That’s one reason we love Digital Engineering. Providing a highly accurate federated 3D model early on in the design process helps to reduce time and costs for all parties involved from conception to handover. It also helps our teams streamline the construction phase, foresee and avoid any design errors before they happen, and minimise human error that might otherwise lead to waste, delays and expensive repairs. At FSC, we believe projects should be built twice; once digitally and once in the real world.
Shorter project lifecycles
Greater efficiency leads naturally to shorter project lifecycles. And generally, the shorter a project, the less it will cost. Digital Engineering enables engineers, architects, and construction specialists to design buildings, propose and share solutions with clients, and get started on construction faster. It also streamlines workflows on site, so projects run smoother and faster. There’s also less risk of rework being required, meaning projects are more likely to finish on schedule and on budget.
Digital Engineering employs technologies related to BIM processes to visualise infrastructure in 3D. Unlike 2D drawings, BIM gives architects, engineers, designers and clients the ability to immerse themselves in the design. We call it a ‘digital twin’. Giving architects and designers the ability to visualise a building in the pre-construction phases empowers them to really push the boundaries of their creativity and architectural designs. It also gives clients an opportunity to provide feedback on designs before construction begins, improving client satisfaction with the final project and avoiding any costly rework later down the track.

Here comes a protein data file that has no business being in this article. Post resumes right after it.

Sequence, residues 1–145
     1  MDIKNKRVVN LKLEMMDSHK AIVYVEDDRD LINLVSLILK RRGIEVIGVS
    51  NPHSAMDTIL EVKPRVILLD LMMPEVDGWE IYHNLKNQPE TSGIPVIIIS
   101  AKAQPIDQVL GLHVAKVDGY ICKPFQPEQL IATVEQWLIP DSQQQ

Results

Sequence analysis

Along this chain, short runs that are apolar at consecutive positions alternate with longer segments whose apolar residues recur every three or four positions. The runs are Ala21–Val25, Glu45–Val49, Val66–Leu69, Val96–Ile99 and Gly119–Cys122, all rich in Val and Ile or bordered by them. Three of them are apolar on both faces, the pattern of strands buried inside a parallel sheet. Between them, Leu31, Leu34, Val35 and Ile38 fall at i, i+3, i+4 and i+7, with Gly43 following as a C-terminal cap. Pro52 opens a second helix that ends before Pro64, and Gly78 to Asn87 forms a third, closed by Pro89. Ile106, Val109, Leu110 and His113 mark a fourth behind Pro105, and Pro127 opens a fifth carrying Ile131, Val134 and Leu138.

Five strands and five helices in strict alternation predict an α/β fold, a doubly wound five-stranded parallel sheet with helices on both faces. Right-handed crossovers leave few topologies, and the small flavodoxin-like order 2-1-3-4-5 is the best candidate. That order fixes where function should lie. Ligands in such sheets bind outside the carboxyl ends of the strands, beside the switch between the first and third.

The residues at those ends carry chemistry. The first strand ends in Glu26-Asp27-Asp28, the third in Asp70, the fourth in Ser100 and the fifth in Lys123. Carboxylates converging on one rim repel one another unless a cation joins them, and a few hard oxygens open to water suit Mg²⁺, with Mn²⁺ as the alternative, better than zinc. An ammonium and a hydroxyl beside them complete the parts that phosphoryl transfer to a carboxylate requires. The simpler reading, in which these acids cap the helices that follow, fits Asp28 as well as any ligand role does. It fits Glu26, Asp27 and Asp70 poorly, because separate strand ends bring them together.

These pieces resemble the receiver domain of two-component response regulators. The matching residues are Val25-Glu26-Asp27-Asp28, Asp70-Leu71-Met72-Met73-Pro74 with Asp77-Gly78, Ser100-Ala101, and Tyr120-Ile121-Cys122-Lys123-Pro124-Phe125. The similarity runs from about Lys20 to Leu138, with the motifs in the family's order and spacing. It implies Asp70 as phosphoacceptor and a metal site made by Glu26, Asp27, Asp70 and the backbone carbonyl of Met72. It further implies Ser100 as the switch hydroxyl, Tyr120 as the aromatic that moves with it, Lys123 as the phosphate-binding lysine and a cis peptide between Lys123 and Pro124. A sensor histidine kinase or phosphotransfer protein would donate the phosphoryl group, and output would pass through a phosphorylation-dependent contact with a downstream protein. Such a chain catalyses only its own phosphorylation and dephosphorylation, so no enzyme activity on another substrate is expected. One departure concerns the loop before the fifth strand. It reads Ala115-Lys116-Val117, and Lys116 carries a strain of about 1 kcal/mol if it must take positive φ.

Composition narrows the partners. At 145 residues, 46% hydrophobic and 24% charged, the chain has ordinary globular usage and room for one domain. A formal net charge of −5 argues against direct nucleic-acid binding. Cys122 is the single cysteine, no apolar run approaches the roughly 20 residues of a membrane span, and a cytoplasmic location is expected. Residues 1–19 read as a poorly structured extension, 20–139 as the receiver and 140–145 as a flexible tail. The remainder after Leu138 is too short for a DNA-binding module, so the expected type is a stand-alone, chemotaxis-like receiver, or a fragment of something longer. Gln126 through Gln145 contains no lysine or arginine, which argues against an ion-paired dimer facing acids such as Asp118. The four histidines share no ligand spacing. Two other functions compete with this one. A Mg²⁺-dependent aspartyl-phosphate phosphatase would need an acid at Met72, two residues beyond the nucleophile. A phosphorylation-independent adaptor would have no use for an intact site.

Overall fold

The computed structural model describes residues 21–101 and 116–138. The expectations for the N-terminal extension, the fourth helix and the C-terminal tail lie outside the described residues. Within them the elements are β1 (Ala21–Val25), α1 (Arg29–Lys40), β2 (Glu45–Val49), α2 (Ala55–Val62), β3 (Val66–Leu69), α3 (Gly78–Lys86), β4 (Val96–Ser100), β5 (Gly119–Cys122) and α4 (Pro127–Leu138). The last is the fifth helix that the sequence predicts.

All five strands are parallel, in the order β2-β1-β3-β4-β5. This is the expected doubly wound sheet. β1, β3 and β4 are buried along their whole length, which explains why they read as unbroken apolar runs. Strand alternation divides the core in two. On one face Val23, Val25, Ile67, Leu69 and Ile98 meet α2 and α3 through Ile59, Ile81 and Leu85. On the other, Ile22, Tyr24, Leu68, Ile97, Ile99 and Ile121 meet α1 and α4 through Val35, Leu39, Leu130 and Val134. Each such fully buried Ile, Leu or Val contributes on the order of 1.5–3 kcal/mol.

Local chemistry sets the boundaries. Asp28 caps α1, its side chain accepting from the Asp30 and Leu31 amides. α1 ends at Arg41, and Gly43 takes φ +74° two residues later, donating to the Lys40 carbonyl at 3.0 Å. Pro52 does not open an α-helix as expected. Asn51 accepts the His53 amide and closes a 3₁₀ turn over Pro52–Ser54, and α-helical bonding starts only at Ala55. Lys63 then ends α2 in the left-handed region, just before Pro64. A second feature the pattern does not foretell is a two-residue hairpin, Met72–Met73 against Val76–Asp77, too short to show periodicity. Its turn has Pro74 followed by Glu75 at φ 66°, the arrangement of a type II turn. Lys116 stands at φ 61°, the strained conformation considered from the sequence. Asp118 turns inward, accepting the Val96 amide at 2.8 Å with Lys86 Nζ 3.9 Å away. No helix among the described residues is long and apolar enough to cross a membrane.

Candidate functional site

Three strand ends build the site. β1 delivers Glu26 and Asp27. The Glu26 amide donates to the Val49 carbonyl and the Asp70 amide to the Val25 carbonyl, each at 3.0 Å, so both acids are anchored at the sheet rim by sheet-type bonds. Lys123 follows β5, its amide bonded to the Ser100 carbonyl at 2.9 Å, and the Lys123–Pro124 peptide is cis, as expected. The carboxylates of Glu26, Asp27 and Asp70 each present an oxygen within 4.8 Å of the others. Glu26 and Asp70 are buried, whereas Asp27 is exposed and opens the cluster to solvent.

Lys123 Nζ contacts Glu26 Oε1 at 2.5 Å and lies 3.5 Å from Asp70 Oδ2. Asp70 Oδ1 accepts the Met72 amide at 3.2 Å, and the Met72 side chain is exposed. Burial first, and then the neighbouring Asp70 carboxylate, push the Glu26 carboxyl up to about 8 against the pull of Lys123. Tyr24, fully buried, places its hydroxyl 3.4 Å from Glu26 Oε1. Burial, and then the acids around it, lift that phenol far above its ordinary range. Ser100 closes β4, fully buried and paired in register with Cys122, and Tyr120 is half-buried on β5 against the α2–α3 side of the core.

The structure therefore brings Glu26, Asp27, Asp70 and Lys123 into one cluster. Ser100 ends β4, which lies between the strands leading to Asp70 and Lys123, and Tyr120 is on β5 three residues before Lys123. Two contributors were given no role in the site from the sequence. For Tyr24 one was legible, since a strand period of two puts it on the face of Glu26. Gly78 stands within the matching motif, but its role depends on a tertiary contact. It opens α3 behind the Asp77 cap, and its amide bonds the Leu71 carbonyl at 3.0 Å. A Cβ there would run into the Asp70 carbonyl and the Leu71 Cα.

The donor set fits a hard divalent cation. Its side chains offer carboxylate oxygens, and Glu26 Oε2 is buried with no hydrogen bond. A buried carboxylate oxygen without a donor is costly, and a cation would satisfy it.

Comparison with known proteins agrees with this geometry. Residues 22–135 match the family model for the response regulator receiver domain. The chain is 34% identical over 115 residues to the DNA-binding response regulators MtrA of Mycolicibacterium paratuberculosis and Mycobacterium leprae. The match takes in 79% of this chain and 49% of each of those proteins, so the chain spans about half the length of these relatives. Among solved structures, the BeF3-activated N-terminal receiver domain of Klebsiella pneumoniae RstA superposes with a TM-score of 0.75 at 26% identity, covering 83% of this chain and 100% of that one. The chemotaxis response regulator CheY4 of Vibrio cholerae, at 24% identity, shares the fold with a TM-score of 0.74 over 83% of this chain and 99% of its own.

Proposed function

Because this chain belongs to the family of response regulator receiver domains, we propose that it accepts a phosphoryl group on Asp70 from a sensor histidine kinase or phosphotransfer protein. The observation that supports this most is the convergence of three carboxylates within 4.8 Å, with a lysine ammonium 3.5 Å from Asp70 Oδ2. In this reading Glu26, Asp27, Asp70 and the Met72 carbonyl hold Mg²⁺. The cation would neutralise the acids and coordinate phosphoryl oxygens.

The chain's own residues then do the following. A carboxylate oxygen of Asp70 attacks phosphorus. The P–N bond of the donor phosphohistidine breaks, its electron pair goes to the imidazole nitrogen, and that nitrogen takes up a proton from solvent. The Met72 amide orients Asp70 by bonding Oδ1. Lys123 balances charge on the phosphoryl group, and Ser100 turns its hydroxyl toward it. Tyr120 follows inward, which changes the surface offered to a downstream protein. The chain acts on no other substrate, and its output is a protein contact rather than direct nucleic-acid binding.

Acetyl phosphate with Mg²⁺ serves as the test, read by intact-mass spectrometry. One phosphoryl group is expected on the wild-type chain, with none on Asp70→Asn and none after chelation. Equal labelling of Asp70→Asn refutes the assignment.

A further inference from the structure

Digital Engineering provides project teams with a better way to plan a project, manage a work site, analyse risks and avoid accidents. The Digital Engineering tools we use hold all the documents relating to a project, including regulations and building manuals, making for a safer construction site. And because they enable us to visualise and simulate scenarios before construction begins, we can identify and avoid hazards before they become a problem. On site, Digital Engineering tools and processes help site managers reduce on-site risks through features such as compliance checking, scenario planning, pre-fabrication tools and clash checking.
A key benefit of Digital Engineering is its ability to detect and avoid clashes. These clashes could be physical clashes between two structures, such as a steel beam and electrical fittings, or workflow clashes between construction crew and conflicting timelines. The collaborative nature of Digital Engineering enables us to identify these conflicts and reduce project errors with automated ‘clash detection’. The software flags these errors, reduces human error and creates efficiencies in the construction process. By avoiding clashes, the risk of delays, rework and unforeseen issues is dramatically reduced.
How we are helping Metro Trains Melbourne with Digital Engineering
FSC was engaged by Metro Trains Melbourne (MTM) to design and construct new infrastructure in Footscray, Victoria as part of the Melbourne Metro project.
The project included installing conduits and a pit for new power infrastructure in a challenging location between a retaining wall along a live train line and a heritage-protected gazebo.
FSC’s Digital Engineering team developed a model with our construction team to ensure the works could be safely constructed and risks to sensitive assets could be mitigated.
At FSC, we’re experts at using Digital Engineering to de-risk and streamline design and construction projects
If you’d like to hear more about how we can help you build better, get in touch.